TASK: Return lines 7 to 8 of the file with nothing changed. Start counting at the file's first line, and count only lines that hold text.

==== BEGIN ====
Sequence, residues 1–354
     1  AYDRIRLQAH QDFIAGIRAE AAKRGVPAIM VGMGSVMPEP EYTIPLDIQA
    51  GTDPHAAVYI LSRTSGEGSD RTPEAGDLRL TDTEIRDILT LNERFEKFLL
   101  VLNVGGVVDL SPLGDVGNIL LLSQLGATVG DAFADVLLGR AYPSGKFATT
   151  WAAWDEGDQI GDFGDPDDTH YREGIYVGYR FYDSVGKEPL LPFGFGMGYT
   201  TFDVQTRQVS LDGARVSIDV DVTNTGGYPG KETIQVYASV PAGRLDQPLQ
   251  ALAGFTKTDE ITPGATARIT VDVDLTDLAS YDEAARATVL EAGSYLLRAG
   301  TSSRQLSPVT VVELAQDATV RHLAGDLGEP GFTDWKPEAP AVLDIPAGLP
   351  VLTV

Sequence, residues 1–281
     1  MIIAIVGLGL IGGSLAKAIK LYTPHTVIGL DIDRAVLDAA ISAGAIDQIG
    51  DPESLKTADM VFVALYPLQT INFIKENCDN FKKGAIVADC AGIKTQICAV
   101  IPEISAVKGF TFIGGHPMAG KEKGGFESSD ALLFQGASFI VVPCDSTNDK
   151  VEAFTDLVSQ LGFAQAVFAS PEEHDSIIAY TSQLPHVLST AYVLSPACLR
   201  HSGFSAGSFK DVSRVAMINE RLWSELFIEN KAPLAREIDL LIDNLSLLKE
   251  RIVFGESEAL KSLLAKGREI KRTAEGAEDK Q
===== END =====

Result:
   251  ALAGFTKTDE ITPGATARIT VDVDLTDLAS YDEAARATVL EAGSYLLRAG
   301  TSSRQLSPVT VVELAQDATV RHLAGDLGEP GFTDWKPEAP AVLDIPAGLP